As the stigma around mental health continues to fade, the field itself is changing — some might say for the better.

In March 2022, American Psychiatric Association (APA) Publishing released a Text Revision (TR) to the Diagnostic and Statistical Manual of Mental Disorders, 5th Edition (DSM-5) to add clarity around certain mental health conditions and diagnostic criteria and codes.

Highlights in the newly updated DSM-5-TR include the addition of prolonged grief disorder as a condition, as well as symptom codes for suicidal behavior and nonsuicidal self-injury.

The APA also consulted culture and equity professionals to acknowledge the historical role of racial discrimination in clinical diagnoses. Language throughout the DSM-5-TR was updated to promote inclusivity for People of Color and marginalized groups.

The DSM-5-TR has refined some of its diagnostic criteria and codes, which may better inform how mental health professionals work with their clients and how they file claims with insurance companies.

Although the DSM-5-TR cannot fully address the unique experiences and situations of every individual, improved diagnostic criteria may help clinicians identify their clients’ disorders or conditions with more accuracy.

“For the [clients] whose symptoms are not fully represented in the present DSM-5, this is a start to treatment planning and more thoughtfully diagnosing,” said Kendra Kubala, PsyD, a trauma psychologist in Pennsylvania and New York and Psych Central Advisory Board member, in an email.

Prolonged grief disorder

The DSM-5-TR added symptoms associated with prolonged grief disorder to its list of diagnostic criteria. Now, clinicians can make a formal diagnosis for those who have faced difficulty coping with loss for an extended period of time.

Still, everyone’s grieving process is different, and there’s some controversy among clinicians when it comes to linking a person’s experiences of loss to a mental health disorder.

“I think these [clients] would generally get lumped into adjustment disorders or depression diagnoses,” said Karin Gepp, PsyD, a clinical psychologist in New York and Psych Central Advisory Board member, said in an email.

“But studies have shown that 1 in 10 adults may experience prolonged grief — especially now, with this pandemic having killed so many people suddenly, this is a really important addition,” she said.

Diagnostic criteria

According to the DSM-5-TR, the diagnostic criteria for prolonged grief includes:

  • a persistent grief response for a duration of longer than 12 months (6 months for a child)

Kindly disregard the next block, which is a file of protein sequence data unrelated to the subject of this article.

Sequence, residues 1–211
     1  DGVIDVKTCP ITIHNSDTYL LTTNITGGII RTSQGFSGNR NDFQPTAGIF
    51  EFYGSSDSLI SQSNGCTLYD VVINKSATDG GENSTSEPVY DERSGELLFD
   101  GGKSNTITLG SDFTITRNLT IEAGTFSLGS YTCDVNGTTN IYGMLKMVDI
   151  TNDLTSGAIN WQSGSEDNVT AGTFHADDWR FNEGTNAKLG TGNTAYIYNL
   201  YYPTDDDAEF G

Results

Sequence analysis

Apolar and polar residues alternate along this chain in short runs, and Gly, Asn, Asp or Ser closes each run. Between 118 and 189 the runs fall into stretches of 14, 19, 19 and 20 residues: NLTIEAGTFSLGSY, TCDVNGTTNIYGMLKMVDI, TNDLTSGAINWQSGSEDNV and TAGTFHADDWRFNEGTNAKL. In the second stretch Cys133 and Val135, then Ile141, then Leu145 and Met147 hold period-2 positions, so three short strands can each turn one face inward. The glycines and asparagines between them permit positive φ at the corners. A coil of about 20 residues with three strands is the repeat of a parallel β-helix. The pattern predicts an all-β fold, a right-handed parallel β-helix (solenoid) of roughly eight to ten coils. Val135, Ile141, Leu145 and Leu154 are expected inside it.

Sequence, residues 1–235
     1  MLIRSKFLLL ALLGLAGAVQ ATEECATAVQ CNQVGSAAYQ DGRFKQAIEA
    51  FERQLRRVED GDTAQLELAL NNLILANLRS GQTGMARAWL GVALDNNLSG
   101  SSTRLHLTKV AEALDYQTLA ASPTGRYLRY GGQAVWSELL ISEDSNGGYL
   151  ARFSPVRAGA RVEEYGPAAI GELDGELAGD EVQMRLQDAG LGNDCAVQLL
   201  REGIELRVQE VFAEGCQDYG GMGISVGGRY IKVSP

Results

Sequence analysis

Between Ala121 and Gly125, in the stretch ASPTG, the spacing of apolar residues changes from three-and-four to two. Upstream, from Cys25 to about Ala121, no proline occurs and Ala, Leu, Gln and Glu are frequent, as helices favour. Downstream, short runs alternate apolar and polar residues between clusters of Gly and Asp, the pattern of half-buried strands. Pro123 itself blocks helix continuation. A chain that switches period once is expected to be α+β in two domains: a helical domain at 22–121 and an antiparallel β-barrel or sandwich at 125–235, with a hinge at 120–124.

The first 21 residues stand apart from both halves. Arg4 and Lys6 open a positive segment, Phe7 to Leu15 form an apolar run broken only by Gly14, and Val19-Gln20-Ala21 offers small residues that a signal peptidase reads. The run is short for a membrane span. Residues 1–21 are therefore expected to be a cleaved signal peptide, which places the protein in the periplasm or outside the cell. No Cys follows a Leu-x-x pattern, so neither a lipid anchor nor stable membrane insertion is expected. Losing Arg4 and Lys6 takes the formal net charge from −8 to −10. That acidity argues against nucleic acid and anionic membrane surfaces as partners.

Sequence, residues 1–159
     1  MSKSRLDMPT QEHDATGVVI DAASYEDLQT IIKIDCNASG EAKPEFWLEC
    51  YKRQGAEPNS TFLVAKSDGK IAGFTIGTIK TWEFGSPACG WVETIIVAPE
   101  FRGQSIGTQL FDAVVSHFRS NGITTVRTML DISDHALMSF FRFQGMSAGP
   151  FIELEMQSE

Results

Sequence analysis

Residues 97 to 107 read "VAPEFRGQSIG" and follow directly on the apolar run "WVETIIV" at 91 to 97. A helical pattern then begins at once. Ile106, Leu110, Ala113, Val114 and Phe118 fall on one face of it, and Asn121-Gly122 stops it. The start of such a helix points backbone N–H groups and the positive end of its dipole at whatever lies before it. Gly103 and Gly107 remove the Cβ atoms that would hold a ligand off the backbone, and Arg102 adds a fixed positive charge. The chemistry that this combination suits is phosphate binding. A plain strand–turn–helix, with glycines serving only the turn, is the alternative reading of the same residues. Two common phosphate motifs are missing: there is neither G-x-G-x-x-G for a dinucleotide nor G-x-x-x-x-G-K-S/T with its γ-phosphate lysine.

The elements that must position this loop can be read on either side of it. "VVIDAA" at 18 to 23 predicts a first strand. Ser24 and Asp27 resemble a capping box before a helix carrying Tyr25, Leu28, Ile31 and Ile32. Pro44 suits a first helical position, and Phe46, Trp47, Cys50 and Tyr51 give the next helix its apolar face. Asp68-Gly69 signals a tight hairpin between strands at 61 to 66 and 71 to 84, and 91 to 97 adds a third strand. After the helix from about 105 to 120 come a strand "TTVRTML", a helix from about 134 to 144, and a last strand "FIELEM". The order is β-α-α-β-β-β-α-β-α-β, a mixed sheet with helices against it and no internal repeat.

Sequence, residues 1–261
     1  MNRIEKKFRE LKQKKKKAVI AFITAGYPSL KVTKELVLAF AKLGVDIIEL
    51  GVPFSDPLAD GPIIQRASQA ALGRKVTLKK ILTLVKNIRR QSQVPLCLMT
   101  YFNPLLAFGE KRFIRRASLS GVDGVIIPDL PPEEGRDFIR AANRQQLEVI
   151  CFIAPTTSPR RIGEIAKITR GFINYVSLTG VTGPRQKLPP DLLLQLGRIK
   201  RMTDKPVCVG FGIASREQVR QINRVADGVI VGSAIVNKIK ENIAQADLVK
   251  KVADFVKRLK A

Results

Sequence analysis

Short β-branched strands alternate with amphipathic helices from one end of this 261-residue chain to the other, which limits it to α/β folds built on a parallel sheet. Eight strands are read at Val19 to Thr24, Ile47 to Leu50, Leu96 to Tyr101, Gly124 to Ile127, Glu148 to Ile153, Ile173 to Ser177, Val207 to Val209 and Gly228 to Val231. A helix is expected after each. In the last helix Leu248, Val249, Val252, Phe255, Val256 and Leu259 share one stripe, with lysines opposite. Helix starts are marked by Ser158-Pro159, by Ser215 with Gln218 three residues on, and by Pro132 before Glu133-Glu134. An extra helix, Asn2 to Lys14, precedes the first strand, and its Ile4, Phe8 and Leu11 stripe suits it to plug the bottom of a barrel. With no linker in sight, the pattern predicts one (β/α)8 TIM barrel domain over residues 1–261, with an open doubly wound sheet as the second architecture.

• symptoms that significantly interrupt a person’s day-to-day functioning
  • experiences that can’t be attributed to another condition, such as major depressive disorder (MDD) or post-traumatic stress disorder (PTSD)

Unspecified mood disorder

The DSM-5 removed “unspecified mood disorder” as a diagnosis in its 2013 update, which meant that clinicians had to diagnose their clients with a specific mood disorder instead.

The DSM-5-TR has reverted to the “unspecified” diagnosis to include a range of possible mood disorders, which may help clinicians avoid potential misdiagnoses.

“Unspecified mood disorder has been reinstated to provide diagnosis to someone whose presenting symptoms do not fit neatly under bipolar or depressive disorders,” Kubala said.

According to Gepp, distinguishing between bipolar disorder and depressive disorders takes time. Often, symptoms concurrent with bipolar disorder are not always noticeable at the onset.

“When a patient is misdiagnosed with depression and prescribed an SSRI, this could push that person into a manic episode,” Gepp explained.

According to Gepp, the DSM-5-TR reinstating unspecified mood disorder allows practitioners more time to observe a client’s symptoms to provide a more accurate diagnosis and subsequent prescription.

Nonsuicidal self-harm

The DSM-5-TR has added self-harm without the presence of suicidality to its list of diagnoses.

Because not everyone who has engaged in self-harm may do so with the intent of ending their life, lumping it into suicidality could blur assessments made by clinicians.

“It’s good to differentiate those, as there [are] many people who self-harm without an intention of suicide,” Gepp said. “The intent of the injury is the focus, which makes it easier to track the behaviors for us and assess risk.”

In addition, diagnostic codes for suicidal behavior without the presence of other mental health disorders have been included in the new updates.

The DSM-5-TR includes changes to its language around gender and gender identity to help reduce stigma by clarifying that these aspects of a person are not selected by choice.

This includes the more accurate and inclusive changes of:

  • “desired gender” to “experienced gender”
  • “cross-sex medical procedure” to “gender-affirming medical procedure”
  • “natal male/native female” to “individual assigned male/female at birth”

Roberto Lewis-Fernandez, MD, a professor of clinical psychiatry at Columbia University and chair of the DSM-5-TR Cross-Cutting Culture Review Group, told Psych Central that reviewing the DSM through a lens of equity and inclusion and making appropriate changes were high on the committees’ priority list.

Debra Rose Wilson, PhD, MSN, RN, a professor, holistic healthcare practitioner, and Psych Central Advisory Board member, said the addition of racial and cultural perspectives in the DSM-5-TR is beneficial.

“If we’re going to be talking about this, then we should talk about social norms and cultural norms and how they’re going to be different depending on race and where you live, and I think that’s worth identifying,” Wilson said by phone.